What Gyngell doesn’t know from wide reading and experience is not worth knowing, and not all of it, as he points out, can fit into his book. Nonetheless, and in spite of his scrupulous impartiality, some omissions are surprising. Whitlam’s overseas travel, he says, was ‘frequent and indulgent’, but he doesn’t mention the months Menzies spent abroad, or the times when Fraser went AWOL. He sheds no new light on Whitlam’s dismissal, merely observing a ‘flowering of conspiracy theories’. On who was responsible for Australia’s first ‘terrorist’ attack in February 1978, he says nothing. He leaves us unenlightened about why APEC still doesn’t include India. He records that when Saddam Hussein invaded Kuwait in 1990 he was ‘pursuing an old claim,’ but doesn’t mention widely-reported American enticement. He doesn’t show how Howard, like Blair, manipulated intelligence reports and legal advice to justify invading Iraq. He lets the US administration off lightly for its ‘mistreatment’ of prisoners at Abu Ghraib, and of Australians Hicks and Habib. He glosses over the Australian authorities’ complicity in the Oil for Food kickbacks. If Australia inserted reservations about its ANZUS commitments when it signed the ASEAN Treaty of Amity and Cooperation, he doesn’t say what they were. He doesn’t investigate Kim Beazley’s claim that Australia under Gillard offered basing in Darwin to US marines, rather than Obama requesting it first. He accepts without demur Australia’s unilateral application of ANZUS to the global ‘war on terror.’ On the statehood of Palestine, environmental problems, and current moves for elimination of nuclear weapons he doesn’t point to Australia’s increasing isolation from majority world opinion, insisting that Australia is ‘peaceful, prosperous, well-regarded’.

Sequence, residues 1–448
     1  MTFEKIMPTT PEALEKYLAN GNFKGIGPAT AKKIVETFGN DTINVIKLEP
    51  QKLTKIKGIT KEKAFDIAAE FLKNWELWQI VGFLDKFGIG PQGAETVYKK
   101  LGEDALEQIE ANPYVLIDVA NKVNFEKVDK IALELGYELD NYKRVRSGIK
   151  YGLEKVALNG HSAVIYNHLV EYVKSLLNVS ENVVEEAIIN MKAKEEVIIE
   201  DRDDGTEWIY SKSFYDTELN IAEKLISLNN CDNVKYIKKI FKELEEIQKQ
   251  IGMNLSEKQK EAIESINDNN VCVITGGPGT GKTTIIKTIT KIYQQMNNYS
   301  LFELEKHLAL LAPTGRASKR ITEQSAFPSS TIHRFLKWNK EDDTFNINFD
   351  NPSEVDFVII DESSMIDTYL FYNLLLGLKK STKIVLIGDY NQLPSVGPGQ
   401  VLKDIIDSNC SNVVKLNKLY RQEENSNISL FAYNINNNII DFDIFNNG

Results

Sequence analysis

Australia’s fear of being abandoned began with European settlement. Gyngell proposes that successive governments responded by cultivating powerful allies, engagement with our region, and supporting a rules-based international order. But now we have China’s rise, America’s decline, and illegal, continuous war. Permitting himself a rare unequivocal assertion, Gyngell says the mantra that Australia doesn’t have to make a choice is ‘comforting but untrue’. Yet in his concluding section ‘What Australian Foreign Policy?’ he stops short of saying what our choice should be. He doesn’t endorse Fraser’s radical call for strategic independence and closing the bases. Instead he depends on Australian diplomacy to reject isolationism, ‘shore up the system and establish new rules’, and understand and ‘respond effectively’ to the outside world. Few could disagree with that, but it may still leave us fearful.

Allan Gyngell, Fear of Abandonment: Australia in the World since 1942, Melbourne: La Trobe University Press, 2017.

Dr Alison Broinowski FAIIA, a former diplomat, is author and editor of 14 books on Australia’s interface with the world. The latest, with David Stephens, is The Honest History Book (2017).